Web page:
Ah, midtown, the heart of the city, feel the hustle and bustle of the workweek crowd while dodging heavy street traffic all around you. After your first encounter with New York via homely Upper West Side, you're now ready for the grit of Manhattan. New Yorkers know to avoid midtown unless they are obligated to indulge in the busiest part of the city. But for many locals, the attractions of midtown are the reason for their visit.
Your day starts at Grand Central; this historic attraction is still one of the busiest train stations in the world. The decor is intricate and the main concourse has been the location setting for many movies and TV shows. After Grand Central, head over to the New York Public Library. I don’t know if many public libraries are worth a visit but do check out the neo-classical space of the New York Public Library on 6th Avenue. Behind the library is Bryant Park - a local's favorite park. At this time of the year, the park comes to life with the Bank of America Winter Village, featuring many local shops and eateries, and an ice rink. Make a quick stop here for a bite to eat or a cup of joe.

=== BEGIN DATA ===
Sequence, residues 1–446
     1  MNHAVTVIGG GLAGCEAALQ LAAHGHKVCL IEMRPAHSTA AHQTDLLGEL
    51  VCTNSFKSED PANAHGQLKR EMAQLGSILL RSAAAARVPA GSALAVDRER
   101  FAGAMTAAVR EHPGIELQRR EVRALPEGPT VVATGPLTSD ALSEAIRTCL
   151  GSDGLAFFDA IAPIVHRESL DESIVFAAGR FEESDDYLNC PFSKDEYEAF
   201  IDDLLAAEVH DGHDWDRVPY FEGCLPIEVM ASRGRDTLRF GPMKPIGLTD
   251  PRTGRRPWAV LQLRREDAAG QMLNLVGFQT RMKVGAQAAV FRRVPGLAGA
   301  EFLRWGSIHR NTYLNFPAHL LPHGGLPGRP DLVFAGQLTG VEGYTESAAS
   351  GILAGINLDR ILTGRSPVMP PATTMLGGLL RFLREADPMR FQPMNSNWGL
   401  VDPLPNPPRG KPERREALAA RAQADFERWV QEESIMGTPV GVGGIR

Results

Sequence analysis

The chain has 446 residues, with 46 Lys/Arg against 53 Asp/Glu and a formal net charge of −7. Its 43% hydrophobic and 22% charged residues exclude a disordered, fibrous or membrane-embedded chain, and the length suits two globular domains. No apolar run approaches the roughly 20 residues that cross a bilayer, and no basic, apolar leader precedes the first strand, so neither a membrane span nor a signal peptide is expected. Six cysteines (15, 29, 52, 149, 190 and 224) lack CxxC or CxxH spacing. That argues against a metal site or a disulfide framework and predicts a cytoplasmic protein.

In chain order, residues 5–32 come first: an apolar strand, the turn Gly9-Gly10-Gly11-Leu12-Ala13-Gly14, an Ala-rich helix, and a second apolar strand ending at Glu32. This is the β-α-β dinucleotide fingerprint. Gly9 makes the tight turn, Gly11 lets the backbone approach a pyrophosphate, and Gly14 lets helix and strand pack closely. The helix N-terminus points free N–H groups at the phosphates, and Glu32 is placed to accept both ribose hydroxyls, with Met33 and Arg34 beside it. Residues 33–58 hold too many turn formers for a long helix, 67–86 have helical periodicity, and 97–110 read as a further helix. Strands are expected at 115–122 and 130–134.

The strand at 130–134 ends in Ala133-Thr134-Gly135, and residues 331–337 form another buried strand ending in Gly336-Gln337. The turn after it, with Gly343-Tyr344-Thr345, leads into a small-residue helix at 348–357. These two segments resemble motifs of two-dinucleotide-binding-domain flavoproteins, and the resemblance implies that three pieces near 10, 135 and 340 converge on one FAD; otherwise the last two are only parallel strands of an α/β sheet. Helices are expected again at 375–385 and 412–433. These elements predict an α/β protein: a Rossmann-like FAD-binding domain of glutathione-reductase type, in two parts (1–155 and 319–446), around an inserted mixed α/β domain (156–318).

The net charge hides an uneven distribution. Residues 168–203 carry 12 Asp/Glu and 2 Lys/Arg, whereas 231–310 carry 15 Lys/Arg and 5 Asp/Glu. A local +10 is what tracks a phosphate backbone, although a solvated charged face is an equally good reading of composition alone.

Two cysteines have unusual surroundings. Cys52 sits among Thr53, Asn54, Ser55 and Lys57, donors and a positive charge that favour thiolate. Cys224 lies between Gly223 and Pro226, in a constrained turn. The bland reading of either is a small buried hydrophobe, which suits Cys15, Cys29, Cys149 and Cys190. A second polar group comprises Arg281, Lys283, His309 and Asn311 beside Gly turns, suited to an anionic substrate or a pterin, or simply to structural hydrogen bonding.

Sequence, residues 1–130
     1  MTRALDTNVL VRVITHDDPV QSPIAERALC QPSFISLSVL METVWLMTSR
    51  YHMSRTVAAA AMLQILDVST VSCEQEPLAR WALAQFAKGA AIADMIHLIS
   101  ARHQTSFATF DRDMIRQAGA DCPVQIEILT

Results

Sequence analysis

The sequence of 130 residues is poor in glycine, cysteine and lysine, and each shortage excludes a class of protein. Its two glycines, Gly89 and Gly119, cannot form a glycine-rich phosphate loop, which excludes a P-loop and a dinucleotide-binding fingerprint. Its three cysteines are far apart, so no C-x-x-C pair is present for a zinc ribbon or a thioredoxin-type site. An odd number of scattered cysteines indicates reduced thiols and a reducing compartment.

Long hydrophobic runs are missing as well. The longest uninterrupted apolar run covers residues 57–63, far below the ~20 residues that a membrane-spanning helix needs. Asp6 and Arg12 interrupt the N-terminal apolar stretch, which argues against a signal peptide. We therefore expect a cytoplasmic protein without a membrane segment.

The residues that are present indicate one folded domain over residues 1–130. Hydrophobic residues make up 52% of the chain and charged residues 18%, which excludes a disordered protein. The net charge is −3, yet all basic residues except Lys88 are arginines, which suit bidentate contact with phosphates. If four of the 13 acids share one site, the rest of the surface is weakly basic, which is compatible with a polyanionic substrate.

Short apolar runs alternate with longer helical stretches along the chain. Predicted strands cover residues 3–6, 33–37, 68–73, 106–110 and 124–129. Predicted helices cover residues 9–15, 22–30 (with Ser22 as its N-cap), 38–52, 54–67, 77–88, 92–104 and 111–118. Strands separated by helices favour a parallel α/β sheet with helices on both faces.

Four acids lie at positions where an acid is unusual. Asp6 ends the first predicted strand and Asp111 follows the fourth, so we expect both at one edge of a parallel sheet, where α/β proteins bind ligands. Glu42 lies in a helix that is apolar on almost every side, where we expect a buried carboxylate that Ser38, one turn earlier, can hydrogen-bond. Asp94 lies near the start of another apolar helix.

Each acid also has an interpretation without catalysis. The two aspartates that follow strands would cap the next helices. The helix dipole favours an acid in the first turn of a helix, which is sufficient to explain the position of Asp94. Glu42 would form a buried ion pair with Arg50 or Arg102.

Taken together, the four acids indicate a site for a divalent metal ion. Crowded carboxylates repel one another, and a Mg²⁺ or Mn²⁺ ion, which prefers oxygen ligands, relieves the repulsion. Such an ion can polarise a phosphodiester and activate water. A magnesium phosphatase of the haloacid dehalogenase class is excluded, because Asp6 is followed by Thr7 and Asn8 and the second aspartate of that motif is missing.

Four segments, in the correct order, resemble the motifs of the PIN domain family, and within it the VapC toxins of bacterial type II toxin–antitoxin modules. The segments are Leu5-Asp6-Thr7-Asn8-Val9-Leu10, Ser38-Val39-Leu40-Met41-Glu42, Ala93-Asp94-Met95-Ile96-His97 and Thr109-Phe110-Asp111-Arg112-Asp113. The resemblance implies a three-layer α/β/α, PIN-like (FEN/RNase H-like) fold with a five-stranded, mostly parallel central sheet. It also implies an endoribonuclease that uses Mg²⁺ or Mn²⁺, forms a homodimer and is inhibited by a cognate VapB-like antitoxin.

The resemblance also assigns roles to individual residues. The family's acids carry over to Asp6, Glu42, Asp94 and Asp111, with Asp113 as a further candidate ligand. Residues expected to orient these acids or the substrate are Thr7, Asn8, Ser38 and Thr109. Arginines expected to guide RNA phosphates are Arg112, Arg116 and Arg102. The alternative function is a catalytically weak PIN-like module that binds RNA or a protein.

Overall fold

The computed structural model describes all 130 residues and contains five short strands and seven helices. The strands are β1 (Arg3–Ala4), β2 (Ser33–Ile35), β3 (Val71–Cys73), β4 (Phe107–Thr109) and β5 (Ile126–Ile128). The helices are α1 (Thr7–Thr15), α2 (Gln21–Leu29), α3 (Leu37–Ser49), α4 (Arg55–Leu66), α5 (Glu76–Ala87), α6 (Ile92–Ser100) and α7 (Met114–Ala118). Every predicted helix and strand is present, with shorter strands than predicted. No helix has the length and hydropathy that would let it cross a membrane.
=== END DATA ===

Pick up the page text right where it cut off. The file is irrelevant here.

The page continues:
Head a few blocks north to the Museum of Modern Art - home to some extraordinary exhibits and is a great place for creativity. I love to pop into MOMA whenever I’m in the area just to soak up a little bit of inspiration. This is yet another museum that warrants a good half-day visit, so make sure to plan accordingly.
While you’re in the area, the Rockefeller Center is near by. Visitors may want to head up for a great view of the city and check out the ice-skate rink below. From the observation deck, you can see the Empire State Building and all of downtown to your south, and the large area of Central Park greenery to the north. Opposite the Rockefeller is St. Patrick’s Cathedral, this was the first church I visited on my first trip to New York in 2010 (before I became a full-time resident of the city). The towering neb-gothic church stands in magnificent contrast to the office buildings and storefronts nearby.
After a busy day of walking - and dodging pedestrians, taxis, and not to mention double deck bus ticket sellers - end your day at Time Square. I have to admit, Time Square is pretty much the bane of any New Yorker’s existence. And no, we don’t come here to see the ball drop on New Years Eve. But for visitors, a mention of New York probably evokes the flashing billboard of Time Square. The best time to see Time Square is at night when you’ll find yourself surrounded by endless flashing lights.